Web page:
People love their "zoom, zoom." In the United States alone, 17 million new cars hit the road in 2004. But the freedom to travel anywhere, anytime in a car or truck comes at a price. And it's not just the cost of gasoline, insurance, and repairs. Automobiles are a major source of pollution. Most cars burn gasoline, which releases carbon dioxide gas into the air, along with other particles and pollutants. To help counter soaring gas prices and reduce air pollution, researchers are looking into new ways to make cars run more efficiently with less impact on the environment. Some environmentally friendly "green" cars already on the street use a mixture of gas and electricity. When such a hybrid vehicle stops, its gas engine shuts down and an electric motor powered by batteries takes over. When the car speeds up, the engine starts, moving the car and recharging the batteries. At high speeds, the gas engine and electric motor operate together. More futuristic technologies involve the use of hydrogen as a fuel. Some companies have already built vehicles that run on hydrogen, but many obstacles remain before you'll see a lot of hydrogen-powered cars on the road and hydrogen filling stations where you can refuel. Hydrogen power Getting energy out of hydrogen to power a car involves a device called a fuel cell. A molecule of hydrogen consists of two hydrogen atoms. In a typical fuel cell, a metal such as platinum splits up hydrogen molecules. The process releases electrons, which generate an electric current that can be used to run a motor. The hydrogen atoms, which have each lost an electron, combine with oxygen from the air in another part of the fuel cell. When two hydrogen atoms combine with one oxygen atom, the result is a molecule of water (H2O). So, the only "waste" product is water. That's pretty clean! Hydrogen is an appealing carrier of energy, says Nathan Glasgow. He's a consultant at the Rocky Mountain Institute in Snowmass, Colo. The element is light, stable, and highly abundant, he says. Getting a good supply of hydrogen, however, is harder than you might think. The problem is that most hydrogen on Earth is attached to something else, mainly carbon or oxygen. It takes a lot of energy to break apart water and other molecules to get the hydrogen out. This energy usually comes from burning oil or coal, which produces lots of carbon dioxide and other pollutants. It might be better, for example, to use wind power instead of coal or oil to provide the energy to split water. However, the windiest places, such as North Dakota, are far from where most people live. So, the hydrogen would need to be stored and shipped. Right now, there's no system of pipes for transporting hydrogen. And that's a major problem, Glasgow says. "We have to find a way to move it around." Run times Another challenge is getting enough juice from hydrogen to keep a car running for a long time. Right now, a tank of hydrogen can propel a car only about 100 or 150 miles. That means refueling a lot more often than most people would like. Today's fuel cells are also expensive. A fuel-cell-powered car might cost more than 10 times as much as a gas-powered car would cost. And fuel cells wear out faster than gas engines. Typical fuel cells for cars have an operating lifetime of about 1,000 hours of driving time. A gas engine lasts at least 5,000 hours, spread over more than 10 years. Nonetheless, the U.S. government has pledged more than $1 billion toward the effort to improve hydrogen fuel cell technology. Three states—California, Florida, and New York—plan to spend millions in the next 5 years to test electric cars powered by hydrogen and build a network of hydrogen filling stations. A hydrogen pump opened earlier this year in Washington, D.C. There's a long way to go. "We don't think mobile fuel cells are going to come on-line for another 20 years," Glasgow says. New materials In the meantime, scientists and environmentalists are pushing other strategies for making cars that are less harmful to the environment. The Rocky Mountain Institute, for instance, supports a move toward lighter automobiles. The lighter a car, Glasgow says, the less energy (and fuel) that it takes to move it. Think about how much harder it is to walk up stairs with a heavy load. "If your backpack itself weighs 50 pounds, and then you start putting books in, it doesn't make any sense," Glasgow says. Heavy cars are just as inefficient. "You want to move people and cargo," he says. "There's no value added in moving a large, heavy car, too." To make cars lighter and cheaper while keeping their size and strength, Glasgow says, companies are trying out new materials. Extra-light steel, ceramics, aluminum with titanium or magnesium, and other materials borrowed from the aerospace industry are a few examples. One company is now putting lightweight carbon fibers into some of its cars' roofs and hoods to lighten the load. Making automobiles lighter would also be a huge step toward making fuel cells practical when they become cheaper and more readily available, Glasgow says. Future travel For now, hybrid cars that save fuel by running partly on electricity are becoming increasingly popular. So is the use of alternative fuels, such as natural gas and biodiesel, which can come from vegetable oil, animal fat, or recycled restaurant grease. There might be even more options available by the time you get your learner's permit, if you haven't started driving already. And, in another generation or so, you could be zooming around in a hydrogen-fueled car.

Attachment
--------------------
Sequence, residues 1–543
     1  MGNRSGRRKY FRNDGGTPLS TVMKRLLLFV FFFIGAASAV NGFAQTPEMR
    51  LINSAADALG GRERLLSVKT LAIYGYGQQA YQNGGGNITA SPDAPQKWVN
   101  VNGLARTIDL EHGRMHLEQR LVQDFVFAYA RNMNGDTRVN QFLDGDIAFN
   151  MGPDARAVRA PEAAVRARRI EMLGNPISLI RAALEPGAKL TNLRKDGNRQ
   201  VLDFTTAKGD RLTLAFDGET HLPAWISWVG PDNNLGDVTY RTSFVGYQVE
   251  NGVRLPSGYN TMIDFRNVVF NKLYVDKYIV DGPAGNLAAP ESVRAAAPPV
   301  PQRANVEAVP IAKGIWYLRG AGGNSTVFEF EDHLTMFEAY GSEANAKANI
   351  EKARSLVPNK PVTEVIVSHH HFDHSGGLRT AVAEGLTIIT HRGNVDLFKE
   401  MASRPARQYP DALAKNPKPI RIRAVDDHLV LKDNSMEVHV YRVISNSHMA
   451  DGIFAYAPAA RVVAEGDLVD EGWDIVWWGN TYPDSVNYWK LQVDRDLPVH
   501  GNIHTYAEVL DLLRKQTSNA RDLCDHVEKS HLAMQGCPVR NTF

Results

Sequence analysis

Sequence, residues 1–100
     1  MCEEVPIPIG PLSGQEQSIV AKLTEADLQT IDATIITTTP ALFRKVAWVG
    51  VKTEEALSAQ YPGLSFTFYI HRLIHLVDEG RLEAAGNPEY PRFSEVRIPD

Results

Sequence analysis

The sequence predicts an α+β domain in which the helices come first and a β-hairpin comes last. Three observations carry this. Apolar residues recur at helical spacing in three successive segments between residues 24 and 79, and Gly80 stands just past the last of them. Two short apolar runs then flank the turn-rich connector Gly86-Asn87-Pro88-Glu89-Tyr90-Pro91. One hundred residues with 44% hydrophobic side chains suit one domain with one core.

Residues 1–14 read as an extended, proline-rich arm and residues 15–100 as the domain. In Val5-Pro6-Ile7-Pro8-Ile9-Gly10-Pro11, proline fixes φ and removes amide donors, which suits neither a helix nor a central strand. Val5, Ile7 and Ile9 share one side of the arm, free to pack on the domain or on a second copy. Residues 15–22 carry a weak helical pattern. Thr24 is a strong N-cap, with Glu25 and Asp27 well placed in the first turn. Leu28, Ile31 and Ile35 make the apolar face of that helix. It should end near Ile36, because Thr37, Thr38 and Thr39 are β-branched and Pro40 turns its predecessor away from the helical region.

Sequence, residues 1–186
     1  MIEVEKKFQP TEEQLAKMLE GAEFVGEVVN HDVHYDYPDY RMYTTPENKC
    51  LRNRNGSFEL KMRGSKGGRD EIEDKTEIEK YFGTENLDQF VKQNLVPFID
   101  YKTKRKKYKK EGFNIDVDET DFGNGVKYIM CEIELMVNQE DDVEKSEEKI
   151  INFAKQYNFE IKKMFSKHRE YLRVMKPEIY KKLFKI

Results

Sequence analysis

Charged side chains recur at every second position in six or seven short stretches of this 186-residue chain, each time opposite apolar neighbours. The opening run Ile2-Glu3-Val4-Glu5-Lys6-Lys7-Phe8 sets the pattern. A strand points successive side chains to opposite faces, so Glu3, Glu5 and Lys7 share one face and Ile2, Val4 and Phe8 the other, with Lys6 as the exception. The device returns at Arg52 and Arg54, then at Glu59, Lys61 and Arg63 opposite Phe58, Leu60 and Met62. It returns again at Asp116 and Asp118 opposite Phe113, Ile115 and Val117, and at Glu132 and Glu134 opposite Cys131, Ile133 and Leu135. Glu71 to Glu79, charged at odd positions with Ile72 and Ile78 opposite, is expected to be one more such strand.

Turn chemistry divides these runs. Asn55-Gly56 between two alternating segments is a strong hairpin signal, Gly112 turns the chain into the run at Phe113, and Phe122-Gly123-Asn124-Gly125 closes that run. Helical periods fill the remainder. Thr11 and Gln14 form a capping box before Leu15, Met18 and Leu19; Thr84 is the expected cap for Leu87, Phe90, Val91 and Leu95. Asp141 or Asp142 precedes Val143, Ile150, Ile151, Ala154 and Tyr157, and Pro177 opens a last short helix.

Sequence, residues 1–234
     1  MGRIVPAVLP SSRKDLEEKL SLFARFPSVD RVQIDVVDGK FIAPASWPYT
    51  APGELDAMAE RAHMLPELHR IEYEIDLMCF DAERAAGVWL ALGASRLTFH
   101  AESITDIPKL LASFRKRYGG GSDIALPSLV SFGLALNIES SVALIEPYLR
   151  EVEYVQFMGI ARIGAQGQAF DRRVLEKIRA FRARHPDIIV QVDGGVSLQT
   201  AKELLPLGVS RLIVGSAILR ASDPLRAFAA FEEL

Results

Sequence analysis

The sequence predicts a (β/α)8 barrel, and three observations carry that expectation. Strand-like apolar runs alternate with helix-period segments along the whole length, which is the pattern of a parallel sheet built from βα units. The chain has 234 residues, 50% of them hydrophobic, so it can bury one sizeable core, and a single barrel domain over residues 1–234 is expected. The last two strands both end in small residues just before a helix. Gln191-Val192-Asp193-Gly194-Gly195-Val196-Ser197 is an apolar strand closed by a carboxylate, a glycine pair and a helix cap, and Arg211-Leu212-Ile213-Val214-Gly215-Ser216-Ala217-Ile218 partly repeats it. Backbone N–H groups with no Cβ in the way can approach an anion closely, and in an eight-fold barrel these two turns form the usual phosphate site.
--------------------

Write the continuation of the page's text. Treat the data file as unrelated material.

Revving Up Green Machines
Revving Up Green Machines








Designed and Powered by HBJamaica.com™